This 1934 wood engraving self-portrait of Léonard Tsuguharu Foujita belongs to the National Portrait Gallery in Washington, DC.
Tsuguharu Foujita was perhaps the most famous Japanese artist in Paris during the 1920s. Dramatic and bohemian, and a friend of the artist Amedeo Modigliani, Tsuguharu developed a hybrid painting style that incorporated figures with flat ivory white skin, dark Sumi ink outlines, and subdued colors. Tsuguharu made self-portraits during this time as well, often to advertise his artistic reputation rather than to tell us about himself.The Nov 27, 2018 google doodle celebrated Foujita's 132d birthday.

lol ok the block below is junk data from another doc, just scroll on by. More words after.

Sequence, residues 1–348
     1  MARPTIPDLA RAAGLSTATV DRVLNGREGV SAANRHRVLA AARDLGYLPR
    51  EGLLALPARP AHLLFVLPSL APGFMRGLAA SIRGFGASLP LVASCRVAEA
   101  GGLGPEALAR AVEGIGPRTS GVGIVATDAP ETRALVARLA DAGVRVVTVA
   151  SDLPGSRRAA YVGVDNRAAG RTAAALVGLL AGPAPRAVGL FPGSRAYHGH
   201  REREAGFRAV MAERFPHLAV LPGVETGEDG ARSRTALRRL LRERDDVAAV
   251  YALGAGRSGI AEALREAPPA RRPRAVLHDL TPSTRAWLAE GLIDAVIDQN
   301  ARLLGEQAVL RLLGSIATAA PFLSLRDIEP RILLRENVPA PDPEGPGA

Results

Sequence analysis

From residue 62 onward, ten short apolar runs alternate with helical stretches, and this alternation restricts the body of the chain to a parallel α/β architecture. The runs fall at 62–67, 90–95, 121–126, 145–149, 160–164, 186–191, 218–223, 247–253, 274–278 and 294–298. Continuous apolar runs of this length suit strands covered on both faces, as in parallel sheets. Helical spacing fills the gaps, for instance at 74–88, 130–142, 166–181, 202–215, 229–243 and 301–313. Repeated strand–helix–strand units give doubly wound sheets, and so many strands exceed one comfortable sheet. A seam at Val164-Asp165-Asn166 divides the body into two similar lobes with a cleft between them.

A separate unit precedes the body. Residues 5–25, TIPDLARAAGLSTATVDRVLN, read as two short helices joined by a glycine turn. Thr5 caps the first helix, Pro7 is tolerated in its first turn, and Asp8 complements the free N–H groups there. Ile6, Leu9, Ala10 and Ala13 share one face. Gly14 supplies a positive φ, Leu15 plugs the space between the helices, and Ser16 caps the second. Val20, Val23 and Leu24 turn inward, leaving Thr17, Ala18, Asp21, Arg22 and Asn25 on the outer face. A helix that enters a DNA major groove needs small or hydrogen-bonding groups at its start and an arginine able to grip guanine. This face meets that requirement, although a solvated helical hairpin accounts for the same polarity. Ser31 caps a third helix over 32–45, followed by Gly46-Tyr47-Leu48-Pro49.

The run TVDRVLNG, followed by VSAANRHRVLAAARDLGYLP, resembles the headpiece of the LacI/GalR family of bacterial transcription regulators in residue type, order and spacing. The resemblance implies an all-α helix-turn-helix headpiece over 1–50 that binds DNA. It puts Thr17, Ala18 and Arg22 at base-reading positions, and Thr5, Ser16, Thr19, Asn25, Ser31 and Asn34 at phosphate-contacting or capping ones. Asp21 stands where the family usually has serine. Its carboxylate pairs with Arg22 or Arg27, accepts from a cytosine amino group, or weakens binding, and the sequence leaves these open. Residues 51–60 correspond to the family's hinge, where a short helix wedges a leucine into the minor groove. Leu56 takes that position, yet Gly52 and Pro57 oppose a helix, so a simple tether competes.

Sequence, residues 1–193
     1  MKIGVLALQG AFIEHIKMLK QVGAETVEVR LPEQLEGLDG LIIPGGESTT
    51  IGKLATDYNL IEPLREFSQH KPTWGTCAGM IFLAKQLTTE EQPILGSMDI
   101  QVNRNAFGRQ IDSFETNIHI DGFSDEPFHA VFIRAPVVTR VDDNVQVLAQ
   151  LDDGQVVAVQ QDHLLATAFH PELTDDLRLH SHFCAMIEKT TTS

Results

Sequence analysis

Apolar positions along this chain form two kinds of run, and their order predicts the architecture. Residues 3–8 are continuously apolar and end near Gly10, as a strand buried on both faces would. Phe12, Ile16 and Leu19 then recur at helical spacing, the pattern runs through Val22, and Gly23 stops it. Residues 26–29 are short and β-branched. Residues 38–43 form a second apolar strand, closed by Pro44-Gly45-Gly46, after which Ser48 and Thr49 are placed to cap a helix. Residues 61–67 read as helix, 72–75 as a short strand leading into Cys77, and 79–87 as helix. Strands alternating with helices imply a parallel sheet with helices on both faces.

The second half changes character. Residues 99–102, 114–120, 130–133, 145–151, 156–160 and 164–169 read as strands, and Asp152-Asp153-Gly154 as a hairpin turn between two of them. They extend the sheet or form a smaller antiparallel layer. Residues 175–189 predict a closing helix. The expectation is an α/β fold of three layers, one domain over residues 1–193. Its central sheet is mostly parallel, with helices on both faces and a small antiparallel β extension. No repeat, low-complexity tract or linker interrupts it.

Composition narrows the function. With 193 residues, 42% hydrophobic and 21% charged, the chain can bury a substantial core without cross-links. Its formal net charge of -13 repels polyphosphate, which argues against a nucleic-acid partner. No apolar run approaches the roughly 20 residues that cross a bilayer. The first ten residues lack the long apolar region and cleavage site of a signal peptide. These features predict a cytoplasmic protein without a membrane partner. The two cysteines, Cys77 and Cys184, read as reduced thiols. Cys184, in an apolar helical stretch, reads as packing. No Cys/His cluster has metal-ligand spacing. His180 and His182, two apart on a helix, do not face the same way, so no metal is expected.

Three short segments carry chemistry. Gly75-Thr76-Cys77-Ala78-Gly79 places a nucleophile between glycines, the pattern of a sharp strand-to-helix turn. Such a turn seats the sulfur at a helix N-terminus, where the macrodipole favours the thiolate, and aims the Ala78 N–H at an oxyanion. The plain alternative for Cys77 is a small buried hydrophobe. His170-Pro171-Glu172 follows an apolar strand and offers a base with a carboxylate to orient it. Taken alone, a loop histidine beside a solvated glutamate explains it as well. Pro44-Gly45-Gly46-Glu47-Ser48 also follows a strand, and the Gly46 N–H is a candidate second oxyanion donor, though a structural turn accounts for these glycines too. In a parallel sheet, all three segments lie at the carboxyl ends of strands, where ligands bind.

In the early 1930s, when he had grown restless, he traveled to South America, Cuba, Mexico, and the United States. Upon returning to Japan in 1934, he created this self-portrait print, which is inscribed to the printmaker Stephen de Hospodar, whom he surely met in California. Caught between Japan and the West, Tsuguharu spent the war years supporting the Japanese cause, but after World War II, he left Japan and lived the rest of his life in France. -- NPG
See a listing of 161 of Foujita's paintings at Wikiart.